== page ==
This isn’t really a dig at IBM - it’s far from the only guilty party - in fact, at least today, these types of presentation are pretty much standard, with varying levels of quality from organisation to organisation, and also presenter to presenter. But is this an indication of how ingrained certain techniques and practices can be? Many people (including myself) realise the value of what Tufte says (and on the odd occasion I get, I try to practice it). But suggesting change is hard - people always have something else more urgent to be worrying about. This just doesn’t seem important to many - although in the long-term I feel it’s a key part of an organisation’s level of success.

It’s times like this I realise just how hard it must be being CEO - persuasion is so tough.

5-minute SOA / SCA in WebSphere ESB

SOA (Services-Oriented Architecture) is a very general idea; the notion of defining business and computing logic as interconnecting services, typically in a distributed computing environment, where some services depend on (call upon) others. SCA (Service Component Architecture) defines some terminology and standards for this, using the concept of SCA modules - you can think of each module as being a black-box service. SCA modules can import services from other SCA modules (which have corresponding exports, defining the services they provide). They can also expose (export), and call upon (import) services via other protocols.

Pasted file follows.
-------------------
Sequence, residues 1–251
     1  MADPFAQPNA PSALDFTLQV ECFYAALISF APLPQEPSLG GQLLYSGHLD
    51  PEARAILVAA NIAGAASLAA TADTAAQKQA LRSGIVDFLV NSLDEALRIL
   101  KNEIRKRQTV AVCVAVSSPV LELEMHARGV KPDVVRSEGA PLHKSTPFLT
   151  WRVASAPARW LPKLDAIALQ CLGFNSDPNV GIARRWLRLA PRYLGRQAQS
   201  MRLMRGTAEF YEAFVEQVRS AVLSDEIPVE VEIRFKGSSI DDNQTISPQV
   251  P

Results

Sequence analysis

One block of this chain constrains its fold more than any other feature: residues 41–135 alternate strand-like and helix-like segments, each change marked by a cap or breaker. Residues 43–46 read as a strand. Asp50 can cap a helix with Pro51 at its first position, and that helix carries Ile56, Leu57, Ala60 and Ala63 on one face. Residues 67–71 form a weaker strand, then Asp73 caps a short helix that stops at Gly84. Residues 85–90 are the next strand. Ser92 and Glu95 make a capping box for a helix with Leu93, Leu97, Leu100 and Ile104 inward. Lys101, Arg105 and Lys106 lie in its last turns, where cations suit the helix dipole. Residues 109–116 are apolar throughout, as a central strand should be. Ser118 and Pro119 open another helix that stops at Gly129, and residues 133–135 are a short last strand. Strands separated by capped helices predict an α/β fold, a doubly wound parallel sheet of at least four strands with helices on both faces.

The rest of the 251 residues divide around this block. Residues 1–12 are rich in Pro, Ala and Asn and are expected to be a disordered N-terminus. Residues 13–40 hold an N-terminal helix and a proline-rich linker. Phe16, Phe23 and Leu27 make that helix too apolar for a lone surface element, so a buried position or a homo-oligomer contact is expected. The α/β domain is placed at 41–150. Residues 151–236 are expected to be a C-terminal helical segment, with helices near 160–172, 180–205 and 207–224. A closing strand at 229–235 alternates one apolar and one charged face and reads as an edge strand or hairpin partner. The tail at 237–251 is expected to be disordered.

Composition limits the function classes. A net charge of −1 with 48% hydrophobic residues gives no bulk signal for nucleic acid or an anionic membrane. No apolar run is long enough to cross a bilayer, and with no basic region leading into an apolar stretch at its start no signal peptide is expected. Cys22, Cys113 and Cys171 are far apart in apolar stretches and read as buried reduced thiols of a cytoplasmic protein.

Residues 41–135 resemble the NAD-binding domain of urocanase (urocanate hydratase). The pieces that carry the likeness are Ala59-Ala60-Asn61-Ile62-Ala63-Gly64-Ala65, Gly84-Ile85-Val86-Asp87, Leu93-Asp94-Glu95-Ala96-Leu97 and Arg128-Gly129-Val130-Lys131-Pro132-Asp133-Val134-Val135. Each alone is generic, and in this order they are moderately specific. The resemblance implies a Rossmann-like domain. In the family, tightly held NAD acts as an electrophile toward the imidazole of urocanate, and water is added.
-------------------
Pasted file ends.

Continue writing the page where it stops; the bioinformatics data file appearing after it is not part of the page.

Inside an SCA module is a similar set of constructs to that of the interconnected modules; in the ‘middle’ there are SCA components, which reference other SCA components (which have interfaces). On the ‘left-hand-side’ of the module (it is indeed drawn on the left-hand-side in WebSphere Integration Developer) are the exports, and on the ‘right-hand-side’ are the imports. The exports typically connect to some components’ interfaces, and imports connect to some components’ references.

In WebSphere Process Server and ESB, imports and exports are one of four types:

  • SCA ‘default’ binding (it is perhaps helpful to think of this as the SCA ‘native’ binding). This binding is used to link two SCA modules together. It supports all valid SCA behaviours, and its implementation is system-dependent. SCA bindings can also only link modules within the same address space (in WebSphere Process Server and ESB this means on the same server) [correction: this is not true, please see this update], are easy to set up (just specify the other module’s name on the import), and are typically high-performing.